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Envisioning Black Colleges: A History of the United Negro College Fundby Marybeth Gasman
Synopses & Reviews
Book News Annotation:
Although many are familiar with the United Negro College Fund's motto: "A mind is a terrible thing to waste," few Americans know about the UNCF's innovative work since its founding in 1945. Gasman (education, U. of Pennsylvania) presents an example of a "horizontal history" focusing on an organization that cuts across the landscape of American higher education. She traces its origins and responses to the Brown v. Board Supreme Court decision, the Black consciousness movement, and negative reports about all-Black colleges. Illustrations include promotional materials for the UNCF's fundraising campaign. Appendices list member colleges and officers, and archival and oral history interview sources. Annotation ©2008 Book News, Inc., Portland, OR (booknews.com)
Etched into America's consciousness is the United Negro College Fund's phrase A mind is a terrible thing to waste. This book tells the multifaceted story of the organization's efforts on behalf of black colleges against the backdrop of the cold war and the civil rights movement.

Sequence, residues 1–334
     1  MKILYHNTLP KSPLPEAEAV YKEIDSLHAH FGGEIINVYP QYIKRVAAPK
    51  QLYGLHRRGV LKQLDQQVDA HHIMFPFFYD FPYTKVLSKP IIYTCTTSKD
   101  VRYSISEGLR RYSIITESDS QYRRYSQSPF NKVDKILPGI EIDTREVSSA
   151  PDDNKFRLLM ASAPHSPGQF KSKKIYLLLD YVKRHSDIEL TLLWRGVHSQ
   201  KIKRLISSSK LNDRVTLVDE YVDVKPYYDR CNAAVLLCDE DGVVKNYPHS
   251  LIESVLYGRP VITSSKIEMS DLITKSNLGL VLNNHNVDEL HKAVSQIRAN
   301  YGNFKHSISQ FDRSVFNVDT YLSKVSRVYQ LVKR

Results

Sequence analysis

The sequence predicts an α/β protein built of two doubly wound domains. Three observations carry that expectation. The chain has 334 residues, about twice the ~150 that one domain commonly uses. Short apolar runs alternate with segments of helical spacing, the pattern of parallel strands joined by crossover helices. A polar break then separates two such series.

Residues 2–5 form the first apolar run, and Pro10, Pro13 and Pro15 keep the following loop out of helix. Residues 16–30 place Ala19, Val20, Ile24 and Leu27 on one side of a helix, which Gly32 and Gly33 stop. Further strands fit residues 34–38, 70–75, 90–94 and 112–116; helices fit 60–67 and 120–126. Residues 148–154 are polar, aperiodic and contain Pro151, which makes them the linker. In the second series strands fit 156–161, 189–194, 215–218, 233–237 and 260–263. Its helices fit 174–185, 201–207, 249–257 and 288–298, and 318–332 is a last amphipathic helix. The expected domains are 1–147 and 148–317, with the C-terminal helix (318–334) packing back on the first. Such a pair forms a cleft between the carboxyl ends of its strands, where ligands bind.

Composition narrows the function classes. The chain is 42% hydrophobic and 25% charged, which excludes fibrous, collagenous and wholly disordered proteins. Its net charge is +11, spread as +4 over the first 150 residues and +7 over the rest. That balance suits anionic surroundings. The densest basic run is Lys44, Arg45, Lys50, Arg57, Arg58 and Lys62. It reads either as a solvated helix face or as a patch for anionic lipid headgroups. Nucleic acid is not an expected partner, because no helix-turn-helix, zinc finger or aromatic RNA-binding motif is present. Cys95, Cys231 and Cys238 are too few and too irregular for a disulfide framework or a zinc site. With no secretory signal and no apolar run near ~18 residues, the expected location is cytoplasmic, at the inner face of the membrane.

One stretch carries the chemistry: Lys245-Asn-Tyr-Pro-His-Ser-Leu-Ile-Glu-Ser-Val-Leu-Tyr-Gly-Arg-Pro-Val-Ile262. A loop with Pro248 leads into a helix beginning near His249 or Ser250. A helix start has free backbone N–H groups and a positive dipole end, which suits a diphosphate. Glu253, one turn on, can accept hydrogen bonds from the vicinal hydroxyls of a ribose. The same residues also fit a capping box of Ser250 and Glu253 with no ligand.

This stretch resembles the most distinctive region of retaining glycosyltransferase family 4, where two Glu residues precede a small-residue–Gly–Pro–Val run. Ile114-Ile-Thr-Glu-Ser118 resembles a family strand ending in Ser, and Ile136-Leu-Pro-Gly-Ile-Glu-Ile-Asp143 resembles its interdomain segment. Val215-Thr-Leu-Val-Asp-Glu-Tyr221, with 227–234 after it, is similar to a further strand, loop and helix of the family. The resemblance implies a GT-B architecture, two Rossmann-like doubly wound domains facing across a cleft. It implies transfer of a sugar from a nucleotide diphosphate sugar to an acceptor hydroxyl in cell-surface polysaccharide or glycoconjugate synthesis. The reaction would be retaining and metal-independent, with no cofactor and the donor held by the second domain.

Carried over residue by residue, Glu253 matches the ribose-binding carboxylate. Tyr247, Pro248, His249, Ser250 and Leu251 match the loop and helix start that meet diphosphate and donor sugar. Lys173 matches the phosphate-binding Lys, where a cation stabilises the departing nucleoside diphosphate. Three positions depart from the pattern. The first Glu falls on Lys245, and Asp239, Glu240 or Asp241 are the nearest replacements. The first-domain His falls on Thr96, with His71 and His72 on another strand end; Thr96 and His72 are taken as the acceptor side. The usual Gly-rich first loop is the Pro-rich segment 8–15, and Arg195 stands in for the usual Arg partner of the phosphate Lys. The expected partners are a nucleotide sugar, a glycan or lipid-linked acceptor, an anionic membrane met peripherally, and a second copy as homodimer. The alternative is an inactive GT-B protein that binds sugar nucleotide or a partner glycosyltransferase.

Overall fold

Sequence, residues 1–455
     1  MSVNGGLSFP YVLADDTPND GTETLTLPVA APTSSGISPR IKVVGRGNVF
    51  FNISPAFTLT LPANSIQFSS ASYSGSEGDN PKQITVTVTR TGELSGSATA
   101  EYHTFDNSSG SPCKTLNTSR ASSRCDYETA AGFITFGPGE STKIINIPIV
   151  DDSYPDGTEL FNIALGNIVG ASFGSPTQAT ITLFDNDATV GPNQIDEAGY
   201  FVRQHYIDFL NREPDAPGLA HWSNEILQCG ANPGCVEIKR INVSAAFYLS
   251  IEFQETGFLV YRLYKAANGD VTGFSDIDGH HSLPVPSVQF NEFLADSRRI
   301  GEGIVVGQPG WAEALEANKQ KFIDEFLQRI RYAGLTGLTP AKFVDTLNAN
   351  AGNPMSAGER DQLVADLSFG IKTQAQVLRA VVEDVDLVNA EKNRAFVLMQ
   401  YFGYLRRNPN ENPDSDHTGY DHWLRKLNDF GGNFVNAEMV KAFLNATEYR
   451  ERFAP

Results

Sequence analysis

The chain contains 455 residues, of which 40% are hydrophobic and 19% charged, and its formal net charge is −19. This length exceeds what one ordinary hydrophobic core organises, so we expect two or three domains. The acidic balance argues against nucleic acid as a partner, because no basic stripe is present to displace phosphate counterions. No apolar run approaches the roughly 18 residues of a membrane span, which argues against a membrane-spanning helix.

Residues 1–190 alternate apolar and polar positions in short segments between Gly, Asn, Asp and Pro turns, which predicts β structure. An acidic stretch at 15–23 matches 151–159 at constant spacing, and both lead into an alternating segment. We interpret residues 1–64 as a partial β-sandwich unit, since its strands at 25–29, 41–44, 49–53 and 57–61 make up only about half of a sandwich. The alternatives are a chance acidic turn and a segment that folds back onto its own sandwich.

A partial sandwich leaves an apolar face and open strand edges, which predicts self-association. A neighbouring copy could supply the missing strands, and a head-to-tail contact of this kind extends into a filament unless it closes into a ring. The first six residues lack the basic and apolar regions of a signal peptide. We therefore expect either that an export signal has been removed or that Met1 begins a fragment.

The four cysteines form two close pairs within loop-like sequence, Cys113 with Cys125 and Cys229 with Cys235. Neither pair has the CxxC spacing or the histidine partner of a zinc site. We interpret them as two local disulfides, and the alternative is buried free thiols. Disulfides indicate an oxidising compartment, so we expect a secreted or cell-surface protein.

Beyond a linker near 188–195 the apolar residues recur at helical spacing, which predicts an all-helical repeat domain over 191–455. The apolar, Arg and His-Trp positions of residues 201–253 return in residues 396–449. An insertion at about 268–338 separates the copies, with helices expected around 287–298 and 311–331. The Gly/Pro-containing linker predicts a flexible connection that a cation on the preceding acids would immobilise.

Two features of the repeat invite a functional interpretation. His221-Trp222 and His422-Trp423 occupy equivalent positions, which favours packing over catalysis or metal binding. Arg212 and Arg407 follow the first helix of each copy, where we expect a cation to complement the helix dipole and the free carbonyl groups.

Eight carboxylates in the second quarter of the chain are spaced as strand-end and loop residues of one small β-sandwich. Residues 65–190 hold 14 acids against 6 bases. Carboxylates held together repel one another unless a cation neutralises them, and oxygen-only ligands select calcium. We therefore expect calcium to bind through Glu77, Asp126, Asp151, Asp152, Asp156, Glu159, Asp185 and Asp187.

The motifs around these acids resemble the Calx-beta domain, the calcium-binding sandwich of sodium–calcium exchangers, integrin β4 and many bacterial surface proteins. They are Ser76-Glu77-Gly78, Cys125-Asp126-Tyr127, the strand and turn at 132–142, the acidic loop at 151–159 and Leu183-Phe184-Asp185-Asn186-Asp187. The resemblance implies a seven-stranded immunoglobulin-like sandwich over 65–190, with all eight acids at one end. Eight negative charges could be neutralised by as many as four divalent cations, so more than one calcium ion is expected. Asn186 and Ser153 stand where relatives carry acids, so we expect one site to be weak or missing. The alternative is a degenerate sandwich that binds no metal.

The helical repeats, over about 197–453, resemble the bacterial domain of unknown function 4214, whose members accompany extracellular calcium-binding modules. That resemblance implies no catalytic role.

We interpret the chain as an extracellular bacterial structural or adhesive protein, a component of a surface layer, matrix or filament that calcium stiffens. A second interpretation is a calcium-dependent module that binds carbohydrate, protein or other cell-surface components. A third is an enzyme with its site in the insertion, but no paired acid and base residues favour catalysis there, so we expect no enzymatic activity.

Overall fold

Founded during the post--World War II period as a successor to white philanthropic efforts, the UNCF nevertheless retained vestiges of outside control. In its early years, the organization was restrained in its critique of segregation and reluctant to lodge a challenge against institutional and cultural racism. Through cogent analysis of written and oral histories, archival documents, and the group's outreach and advertising campaigns, historian Marybeth Gasman examines the UNCF's struggle to create an identity apart from white benefactors and to evolve into a vehicle for black empowerment.
The first history of the UNCF, Envisioning Black Colleges draws attention to the significance of black colleges in higher education and the role they played in Americans' struggle for equality.
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